Here’s what is happening this week as we think about praying specific audacious prayers:

  1. Bold, specific prayers honor God. We’ll look from Joshua 6 how to pray big, audacious prayers. Prayers that trust in the bigness of God and understand our need for him in our lives. What one author calls Circling prayers
  2. We’ll also celebrate the stories of life change with baptism. We are kicking off our service with them, so be at church at 5pm so you don’t miss them!
  3. Right after church, stick around for some great food, conversations with Revolutionaries and inflatables for kids for our summer church picnic.

It’s going to be a great week that you won’t want to miss. So, I’ll see you this Saturday, at 5pm and bring someone with you to experience all that God is doing.

Remember, we meet at 6620 E 22nd St.

See you Saturday.

Lots of Cheap Kindle Books 4.18.12

There are a ton of great kindle books for cheap today:

$2.99

$3.49

$3.82

$3.99

$4.99

Top Posts of January 2012

In case you missed them, here are the top posts for January 2012:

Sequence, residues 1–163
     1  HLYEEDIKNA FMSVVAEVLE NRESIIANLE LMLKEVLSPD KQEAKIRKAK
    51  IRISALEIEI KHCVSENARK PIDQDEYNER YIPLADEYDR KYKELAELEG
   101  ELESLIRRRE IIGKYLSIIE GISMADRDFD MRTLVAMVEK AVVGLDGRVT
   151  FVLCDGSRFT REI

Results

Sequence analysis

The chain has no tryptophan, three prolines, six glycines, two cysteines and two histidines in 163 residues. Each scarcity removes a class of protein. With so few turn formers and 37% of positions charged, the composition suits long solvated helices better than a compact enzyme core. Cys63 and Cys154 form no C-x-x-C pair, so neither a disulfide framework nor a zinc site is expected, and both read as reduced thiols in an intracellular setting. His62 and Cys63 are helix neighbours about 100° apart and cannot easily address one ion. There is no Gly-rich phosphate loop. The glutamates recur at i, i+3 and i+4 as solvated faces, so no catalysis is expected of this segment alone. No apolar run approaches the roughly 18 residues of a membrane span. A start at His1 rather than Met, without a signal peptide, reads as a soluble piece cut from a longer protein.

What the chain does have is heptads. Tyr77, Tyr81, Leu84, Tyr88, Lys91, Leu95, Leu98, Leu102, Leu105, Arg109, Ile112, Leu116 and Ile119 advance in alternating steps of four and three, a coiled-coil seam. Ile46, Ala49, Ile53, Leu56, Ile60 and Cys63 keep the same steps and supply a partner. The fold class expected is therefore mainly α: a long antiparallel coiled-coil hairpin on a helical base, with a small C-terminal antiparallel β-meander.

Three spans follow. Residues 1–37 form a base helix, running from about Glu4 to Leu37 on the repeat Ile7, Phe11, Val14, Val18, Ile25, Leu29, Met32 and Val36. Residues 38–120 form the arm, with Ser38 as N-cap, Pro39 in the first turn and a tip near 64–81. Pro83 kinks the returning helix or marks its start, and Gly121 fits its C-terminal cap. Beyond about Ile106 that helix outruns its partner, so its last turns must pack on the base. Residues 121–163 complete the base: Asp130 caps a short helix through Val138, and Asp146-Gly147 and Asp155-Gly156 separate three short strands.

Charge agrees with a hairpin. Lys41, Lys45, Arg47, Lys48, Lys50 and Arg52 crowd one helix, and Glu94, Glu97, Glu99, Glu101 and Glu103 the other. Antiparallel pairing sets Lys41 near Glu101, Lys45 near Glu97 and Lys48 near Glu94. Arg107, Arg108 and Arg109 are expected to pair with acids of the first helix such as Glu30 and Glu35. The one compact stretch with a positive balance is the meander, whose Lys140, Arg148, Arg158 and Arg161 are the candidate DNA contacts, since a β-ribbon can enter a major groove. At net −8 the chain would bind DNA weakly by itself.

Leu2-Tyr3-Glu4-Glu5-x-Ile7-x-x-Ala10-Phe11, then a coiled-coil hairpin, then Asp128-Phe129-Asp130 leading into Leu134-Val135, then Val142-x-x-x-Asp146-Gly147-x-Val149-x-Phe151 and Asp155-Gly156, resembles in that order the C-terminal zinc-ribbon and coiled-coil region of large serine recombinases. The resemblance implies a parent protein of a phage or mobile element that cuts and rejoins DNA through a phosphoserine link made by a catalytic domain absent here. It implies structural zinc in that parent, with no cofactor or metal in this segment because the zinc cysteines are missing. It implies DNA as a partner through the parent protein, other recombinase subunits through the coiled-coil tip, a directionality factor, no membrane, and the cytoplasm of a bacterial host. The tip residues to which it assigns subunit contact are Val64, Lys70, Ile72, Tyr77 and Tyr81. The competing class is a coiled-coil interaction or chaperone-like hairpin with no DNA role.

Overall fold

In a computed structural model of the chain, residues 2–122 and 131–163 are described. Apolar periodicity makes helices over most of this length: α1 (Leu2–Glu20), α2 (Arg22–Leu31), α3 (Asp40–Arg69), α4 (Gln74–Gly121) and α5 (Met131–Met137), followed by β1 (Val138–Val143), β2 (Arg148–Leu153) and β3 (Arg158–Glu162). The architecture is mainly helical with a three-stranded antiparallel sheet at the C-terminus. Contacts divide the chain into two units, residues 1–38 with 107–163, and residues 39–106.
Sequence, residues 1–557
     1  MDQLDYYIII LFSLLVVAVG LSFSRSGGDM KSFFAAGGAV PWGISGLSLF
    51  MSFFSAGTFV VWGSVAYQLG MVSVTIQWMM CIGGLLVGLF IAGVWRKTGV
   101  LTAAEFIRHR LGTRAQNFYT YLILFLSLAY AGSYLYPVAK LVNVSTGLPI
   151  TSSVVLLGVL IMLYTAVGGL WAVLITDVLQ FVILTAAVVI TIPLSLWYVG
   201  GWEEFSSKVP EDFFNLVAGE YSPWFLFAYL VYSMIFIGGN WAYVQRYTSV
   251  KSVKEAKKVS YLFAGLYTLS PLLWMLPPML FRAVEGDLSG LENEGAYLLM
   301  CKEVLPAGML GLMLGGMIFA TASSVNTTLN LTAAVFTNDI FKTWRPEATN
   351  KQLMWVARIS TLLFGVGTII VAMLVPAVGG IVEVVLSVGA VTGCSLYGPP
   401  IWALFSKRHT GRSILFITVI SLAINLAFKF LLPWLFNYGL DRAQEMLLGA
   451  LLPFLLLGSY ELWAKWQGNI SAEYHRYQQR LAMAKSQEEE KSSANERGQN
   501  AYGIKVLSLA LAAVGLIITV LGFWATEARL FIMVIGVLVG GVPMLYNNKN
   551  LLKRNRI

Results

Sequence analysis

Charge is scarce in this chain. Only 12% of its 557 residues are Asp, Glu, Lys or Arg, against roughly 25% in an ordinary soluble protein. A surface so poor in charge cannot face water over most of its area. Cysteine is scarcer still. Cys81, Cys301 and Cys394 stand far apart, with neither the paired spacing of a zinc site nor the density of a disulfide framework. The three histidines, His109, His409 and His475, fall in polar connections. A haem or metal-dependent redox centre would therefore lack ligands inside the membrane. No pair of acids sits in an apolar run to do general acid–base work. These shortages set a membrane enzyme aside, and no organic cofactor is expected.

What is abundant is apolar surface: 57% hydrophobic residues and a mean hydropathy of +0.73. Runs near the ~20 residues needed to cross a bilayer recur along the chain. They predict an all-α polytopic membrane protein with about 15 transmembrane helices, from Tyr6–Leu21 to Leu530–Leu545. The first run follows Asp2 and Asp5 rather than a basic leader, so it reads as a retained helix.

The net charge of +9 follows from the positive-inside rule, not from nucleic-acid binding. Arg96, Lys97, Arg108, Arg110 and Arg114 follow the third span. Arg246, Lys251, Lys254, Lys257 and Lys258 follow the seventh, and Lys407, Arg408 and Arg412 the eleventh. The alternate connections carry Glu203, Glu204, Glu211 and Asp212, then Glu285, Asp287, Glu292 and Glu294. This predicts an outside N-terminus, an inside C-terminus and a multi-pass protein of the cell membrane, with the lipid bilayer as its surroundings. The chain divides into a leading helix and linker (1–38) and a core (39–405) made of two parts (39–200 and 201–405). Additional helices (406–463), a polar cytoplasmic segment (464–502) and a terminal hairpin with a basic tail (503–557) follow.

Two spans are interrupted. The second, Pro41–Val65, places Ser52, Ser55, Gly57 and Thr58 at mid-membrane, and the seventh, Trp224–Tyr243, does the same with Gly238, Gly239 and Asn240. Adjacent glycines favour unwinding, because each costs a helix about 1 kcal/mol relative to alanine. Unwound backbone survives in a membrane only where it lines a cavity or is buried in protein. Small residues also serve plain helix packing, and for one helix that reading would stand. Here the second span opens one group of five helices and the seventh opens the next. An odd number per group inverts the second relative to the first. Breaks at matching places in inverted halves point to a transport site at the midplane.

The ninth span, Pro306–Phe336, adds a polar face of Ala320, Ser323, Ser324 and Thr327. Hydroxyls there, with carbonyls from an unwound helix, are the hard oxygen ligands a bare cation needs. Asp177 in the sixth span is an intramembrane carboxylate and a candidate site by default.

1. Favorite Books of 2011
  2. One of the Most Misquoted Verses in the Bible
  3. Sex, Marriage & Fairytales
  4. The King Jesus Gospel
  5. 15 Ways to Improve Your Marriage
  6. The Role of Men in Family
  7. The Circle Maker
  8. Why I Preach Like I Do
  9. The Presentation Secrets of Steve Jobs
  10. Stephen Colbert on a Christian Nation

The Next 100 Days

I think the next 100 days for our family will be pretty pivotal. Recently, Katie and I both read through Mark Batterson’s book The Circle Maker and really felt like we needed to be more intentional with our prayer lives, pray bigger, bolder, more specific prayers and think more through the lens of legacy.

To that end, I want to ask for your prayers over the next 100 days.

Starting this week Katie and I are reading through the Bible in 90 days, which boils down to 12 pages a day. At the end of that, we are going to do a 10 day daniel fast with the intention of clearly defining our goals at the end of that.

One of the things that Batterson talks about in his book is creating life goals. We will be making goals in 5 categories: family, influential, experiential, physical and travel. The goal of discipleship undergirds all the categories and has to be a component of the goals we come up with.